Freedom of Association and the Right of Exclusion: The Rights Before All Others, Part 1

Christopher Donovan


What follows is a 2005 exchange between Justice Stephen Breyer of the Supreme Court and Joshua Rosenkranz, an attorney arguing for the unconstitutionality of a law that denied federal funding to law schools that barred military recruiters from campus.[1]

Justice Breyer: — So, in fact, to be clear, you also think schools that are angry at the military because they’re too favorable to gays in the military, they have the same right.

Mr. Rosenkranz: Absolutely, Your–

Justice Breyer: Okay.

Mr. Rosenkranz: — Honor, because–

Justice Breyer: And also the same right Bob Jones University, because they disapprove of social mixing of the races?

Mr. Rosenkranz: — If… to answer the first hypothetical first, if that’s a matter of conscience, absolutely–

Justice Breyer: All right, so–

Mr. Rosenkranz: — if we’re talking–

Justice Breyer: — so, what… and there are a lot of people in the country, they may… there’s few, anyway… may not believe in either affirmative action, they may not believe in… they may not believe in diversity, they may not… they may even believe in racial segregation, for all I know.

I hope there are not too many…  I would like an answer to my question, because I’m thinking, as you correctly say, if you have that right, so do all the worst segregationists you can imagine, et cetera…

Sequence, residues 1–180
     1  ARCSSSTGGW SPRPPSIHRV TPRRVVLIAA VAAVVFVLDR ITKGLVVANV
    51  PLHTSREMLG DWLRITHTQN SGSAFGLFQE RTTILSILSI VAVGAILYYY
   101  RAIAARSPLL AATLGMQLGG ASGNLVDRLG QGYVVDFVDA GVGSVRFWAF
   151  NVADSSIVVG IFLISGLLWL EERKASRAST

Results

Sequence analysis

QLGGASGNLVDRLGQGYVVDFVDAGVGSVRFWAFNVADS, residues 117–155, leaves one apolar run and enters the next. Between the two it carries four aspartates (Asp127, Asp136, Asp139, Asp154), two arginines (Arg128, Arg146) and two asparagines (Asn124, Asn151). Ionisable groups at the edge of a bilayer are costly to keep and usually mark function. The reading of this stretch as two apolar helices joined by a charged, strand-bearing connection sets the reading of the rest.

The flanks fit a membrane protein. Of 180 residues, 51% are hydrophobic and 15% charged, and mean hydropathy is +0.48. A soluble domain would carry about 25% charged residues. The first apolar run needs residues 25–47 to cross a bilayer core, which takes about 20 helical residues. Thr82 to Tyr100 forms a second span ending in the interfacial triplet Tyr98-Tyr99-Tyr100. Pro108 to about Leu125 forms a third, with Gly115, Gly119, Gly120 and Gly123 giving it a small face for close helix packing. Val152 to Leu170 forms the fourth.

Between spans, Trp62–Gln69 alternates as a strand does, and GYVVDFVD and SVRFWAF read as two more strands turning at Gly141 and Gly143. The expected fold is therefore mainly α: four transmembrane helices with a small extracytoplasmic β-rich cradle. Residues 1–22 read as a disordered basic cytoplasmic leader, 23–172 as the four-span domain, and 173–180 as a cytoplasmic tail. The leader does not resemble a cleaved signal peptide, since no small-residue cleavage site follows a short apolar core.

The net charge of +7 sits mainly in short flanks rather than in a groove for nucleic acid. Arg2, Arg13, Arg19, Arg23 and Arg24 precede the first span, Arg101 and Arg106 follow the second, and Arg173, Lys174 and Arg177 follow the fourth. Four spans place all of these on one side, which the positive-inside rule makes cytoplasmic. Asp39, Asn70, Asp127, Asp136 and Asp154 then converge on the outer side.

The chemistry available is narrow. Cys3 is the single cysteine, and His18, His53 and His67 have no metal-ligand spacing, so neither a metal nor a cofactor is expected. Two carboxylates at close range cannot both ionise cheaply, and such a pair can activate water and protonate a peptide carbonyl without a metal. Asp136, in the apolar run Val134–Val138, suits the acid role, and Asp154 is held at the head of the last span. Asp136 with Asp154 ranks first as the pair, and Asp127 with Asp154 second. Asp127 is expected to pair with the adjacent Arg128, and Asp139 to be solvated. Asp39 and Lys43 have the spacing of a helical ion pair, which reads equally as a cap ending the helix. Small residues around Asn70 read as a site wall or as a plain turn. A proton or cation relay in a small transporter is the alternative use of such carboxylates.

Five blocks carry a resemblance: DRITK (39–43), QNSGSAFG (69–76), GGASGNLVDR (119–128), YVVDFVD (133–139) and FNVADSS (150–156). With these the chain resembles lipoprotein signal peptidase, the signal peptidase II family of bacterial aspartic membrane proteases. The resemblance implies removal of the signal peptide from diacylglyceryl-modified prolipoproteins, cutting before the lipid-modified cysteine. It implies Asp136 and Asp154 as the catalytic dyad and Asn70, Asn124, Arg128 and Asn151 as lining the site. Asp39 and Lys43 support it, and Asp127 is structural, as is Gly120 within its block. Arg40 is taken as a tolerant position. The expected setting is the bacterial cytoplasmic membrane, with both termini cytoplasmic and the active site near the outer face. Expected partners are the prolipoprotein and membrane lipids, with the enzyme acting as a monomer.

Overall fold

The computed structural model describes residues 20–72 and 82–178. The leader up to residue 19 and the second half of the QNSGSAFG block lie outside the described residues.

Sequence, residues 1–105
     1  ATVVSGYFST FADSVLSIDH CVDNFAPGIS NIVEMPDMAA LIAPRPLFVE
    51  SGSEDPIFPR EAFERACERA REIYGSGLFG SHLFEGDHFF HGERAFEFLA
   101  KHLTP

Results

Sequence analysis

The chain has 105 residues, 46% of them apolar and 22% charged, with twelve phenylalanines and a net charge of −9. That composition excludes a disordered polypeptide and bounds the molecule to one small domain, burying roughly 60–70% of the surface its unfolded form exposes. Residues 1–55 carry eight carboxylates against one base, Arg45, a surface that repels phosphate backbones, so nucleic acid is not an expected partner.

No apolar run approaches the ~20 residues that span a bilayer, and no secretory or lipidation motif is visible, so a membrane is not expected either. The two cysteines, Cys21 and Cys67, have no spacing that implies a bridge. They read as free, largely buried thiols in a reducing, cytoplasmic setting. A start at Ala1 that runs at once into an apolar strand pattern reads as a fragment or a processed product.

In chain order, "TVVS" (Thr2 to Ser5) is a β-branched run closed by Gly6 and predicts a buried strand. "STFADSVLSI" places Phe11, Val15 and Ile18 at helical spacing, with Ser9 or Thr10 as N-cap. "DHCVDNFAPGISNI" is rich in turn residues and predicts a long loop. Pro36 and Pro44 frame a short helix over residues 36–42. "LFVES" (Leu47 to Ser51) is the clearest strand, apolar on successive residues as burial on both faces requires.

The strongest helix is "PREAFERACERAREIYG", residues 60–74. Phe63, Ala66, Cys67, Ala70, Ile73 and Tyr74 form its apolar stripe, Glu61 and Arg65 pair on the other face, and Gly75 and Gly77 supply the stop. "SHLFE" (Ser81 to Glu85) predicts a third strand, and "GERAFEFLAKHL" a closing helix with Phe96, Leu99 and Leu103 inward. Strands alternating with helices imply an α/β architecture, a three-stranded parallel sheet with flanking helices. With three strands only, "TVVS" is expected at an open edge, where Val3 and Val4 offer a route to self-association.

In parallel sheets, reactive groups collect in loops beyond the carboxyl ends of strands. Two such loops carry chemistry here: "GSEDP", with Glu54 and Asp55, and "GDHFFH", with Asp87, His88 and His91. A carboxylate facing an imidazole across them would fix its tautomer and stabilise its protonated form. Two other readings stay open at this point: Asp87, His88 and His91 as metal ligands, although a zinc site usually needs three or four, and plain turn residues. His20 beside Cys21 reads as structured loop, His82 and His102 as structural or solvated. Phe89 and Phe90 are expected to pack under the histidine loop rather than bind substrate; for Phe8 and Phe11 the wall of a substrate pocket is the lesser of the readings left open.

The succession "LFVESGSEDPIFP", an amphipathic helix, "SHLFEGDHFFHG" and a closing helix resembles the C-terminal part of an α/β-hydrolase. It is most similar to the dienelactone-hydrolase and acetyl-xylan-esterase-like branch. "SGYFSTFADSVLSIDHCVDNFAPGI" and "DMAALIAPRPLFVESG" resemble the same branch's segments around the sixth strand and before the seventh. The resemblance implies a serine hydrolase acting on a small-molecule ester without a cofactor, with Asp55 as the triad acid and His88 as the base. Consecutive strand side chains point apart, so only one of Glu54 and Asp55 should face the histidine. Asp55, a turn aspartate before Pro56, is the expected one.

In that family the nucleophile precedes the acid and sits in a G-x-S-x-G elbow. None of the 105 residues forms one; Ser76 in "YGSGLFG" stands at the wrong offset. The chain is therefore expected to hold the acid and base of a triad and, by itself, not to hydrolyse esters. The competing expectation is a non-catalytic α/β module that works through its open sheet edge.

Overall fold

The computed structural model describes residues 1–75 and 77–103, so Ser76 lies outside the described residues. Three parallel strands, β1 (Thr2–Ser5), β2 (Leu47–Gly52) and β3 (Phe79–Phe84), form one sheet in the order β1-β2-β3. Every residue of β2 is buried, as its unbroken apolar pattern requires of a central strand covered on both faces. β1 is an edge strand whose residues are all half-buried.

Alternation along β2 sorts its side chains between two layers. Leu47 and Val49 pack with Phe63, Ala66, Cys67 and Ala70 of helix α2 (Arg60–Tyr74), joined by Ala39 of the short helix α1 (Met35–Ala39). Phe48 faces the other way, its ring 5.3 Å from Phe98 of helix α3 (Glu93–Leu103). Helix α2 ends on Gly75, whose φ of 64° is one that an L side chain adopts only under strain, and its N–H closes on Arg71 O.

Rosenkranz lost his case.  His client, the law schools, opposed military recruiters on campus because of the military’s exclusion of gays.  In other words, they wanted to exclude the excluders.  The justices unanimously rejected the argument on grounds that if the law schools accepted federal money, they also had to accept Congressionally-set conditions – which were, in this case, that they had to allow military recruiters on campus (aka the Solomon Amendment).

Years ago, I listened to the replayed arguments on the radio while driving home from a law firm dinner in Washington, D.C.  I anticipated that one of the justices – probably a Jewish one – would bring up race.  Here was a lawyer – himself a liberal, and likely Jewish as well – arguing for a right of association.  Justice Breyer,[2] poised high on the bench, raced to the worst-case scenario for his tribe:  if we grant a right of association here, despite the liberal thrust of the request, we’ll create precedent that could be used by “all the worst segregationists you can imagine.”

In this article I propose that Whites who believe in racial segregation – who if measured by revealed preferences would in fact be many more than Justice Breyer hopes exist – have more than a First Amendment right to express that belief.  They have the right to it actually.  They have, simply, a right of group association.  And they have the right to pursue its necessary correlate, exclusion of non-Whites.  Whites even have a right of separation from other Whites, though (tellingly), this is not controversial.

The proposition can stand without need for violence, unfair treatment of non-Whites, denigration or “hatred” of others, belief in so-called “supremacy,” denial of any other group their own right to association and exclusion; and it aligns with international law.  The Earth is a big planet with a lot of square footage; we need not all live on the same few.

More than 50 years ago, the U.N. declared that “All peoples have the right to self-determination; by virtue of that right they freely determine their political status and freely pursue their economic, social and cultural development.”[3]   The drafters of this declaration no doubt had indigenous Third-Worlders in mind, but imagine them attempting to explain that White First-Worlders do not have the same rights.